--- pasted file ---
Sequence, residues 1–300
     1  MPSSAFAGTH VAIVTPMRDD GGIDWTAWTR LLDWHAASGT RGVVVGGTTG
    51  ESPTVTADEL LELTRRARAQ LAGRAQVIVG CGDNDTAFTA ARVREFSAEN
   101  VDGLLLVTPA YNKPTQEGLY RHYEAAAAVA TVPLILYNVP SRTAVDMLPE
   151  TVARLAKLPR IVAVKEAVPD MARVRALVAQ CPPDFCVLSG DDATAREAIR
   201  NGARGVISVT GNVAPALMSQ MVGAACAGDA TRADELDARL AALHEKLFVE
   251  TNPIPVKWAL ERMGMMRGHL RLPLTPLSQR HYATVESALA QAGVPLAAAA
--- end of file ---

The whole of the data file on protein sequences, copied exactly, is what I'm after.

Sequence, residues 1–300
     1  MPSSAFAGTH VAIVTPMRDD GGIDWTAWTR LLDWHAASGT RGVVVGGTTG
    51  ESPTVTADEL LELTRRARAQ LAGRAQVIVG CGDNDTAFTA ARVREFSAEN
   101  VDGLLLVTPA YNKPTQEGLY RHYEAAAAVA TVPLILYNVP SRTAVDMLPE
   151  TVARLAKLPR IVAVKEAVPD MARVRALVAQ CPPDFCVLSG DDATAREAIR
   201  NGARGVISVT GNVAPALMSQ MVGAACAGDA TRADELDARL AALHEKLFVE
   251  TNPIPVKWAL ERMGMMRGHL RLPLTPLSQR HYATVESALA QAGVPLAAAA